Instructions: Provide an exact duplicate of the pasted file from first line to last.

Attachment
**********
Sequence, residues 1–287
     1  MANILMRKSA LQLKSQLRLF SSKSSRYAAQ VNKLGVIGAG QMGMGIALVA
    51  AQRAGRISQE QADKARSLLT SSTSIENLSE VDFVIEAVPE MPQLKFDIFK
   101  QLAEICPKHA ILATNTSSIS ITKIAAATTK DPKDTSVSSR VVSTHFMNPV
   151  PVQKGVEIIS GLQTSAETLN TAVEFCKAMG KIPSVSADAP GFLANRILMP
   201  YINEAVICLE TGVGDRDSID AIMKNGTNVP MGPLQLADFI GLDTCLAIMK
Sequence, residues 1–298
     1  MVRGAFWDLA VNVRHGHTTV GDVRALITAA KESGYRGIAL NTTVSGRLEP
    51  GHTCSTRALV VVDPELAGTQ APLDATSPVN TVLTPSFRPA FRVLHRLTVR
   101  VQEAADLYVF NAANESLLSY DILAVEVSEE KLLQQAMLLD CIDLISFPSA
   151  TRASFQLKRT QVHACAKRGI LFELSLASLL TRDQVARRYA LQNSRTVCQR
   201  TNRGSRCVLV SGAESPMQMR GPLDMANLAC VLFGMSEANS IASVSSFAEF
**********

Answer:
Sequence, residues 1–287
     1  MANILMRKSA LQLKSQLRLF SSKSSRYAAQ VNKLGVIGAG QMGMGIALVA
    51  AQRAGRISQE QADKARSLLT SSTSIENLSE VDFVIEAVPE MPQLKFDIFK
   101  QLAEICPKHA ILATNTSSIS ITKIAAATTK DPKDTSVSSR VVSTHFMNPV
   151  PVQKGVEIIS GLQTSAETLN TAVEFCKAMG KIPSVSADAP GFLANRILMP
   201  YINEAVICLE TGVGDRDSID AIMKNGTNVP MGPLQLADFI GLDTCLAIMK
Sequence, residues 1–298
     1  MVRGAFWDLA VNVRHGHTTV GDVRALITAA KESGYRGIAL NTTVSGRLEP
    51  GHTCSTRALV VVDPELAGTQ APLDATSPVN TVLTPSFRPA FRVLHRLTVR
   101  VQEAADLYVF NAANESLLSY DILAVEVSEE KLLQQAMLLD CIDLISFPSA
   151  TRASFQLKRT QVHACAKRGI LFELSLASLL TRDQVARRYA LQNSRTVCQR
   201  TNRGSRCVLV SGAESPMQMR GPLDMANLAC VLFGMSEANS IASVSSFAEF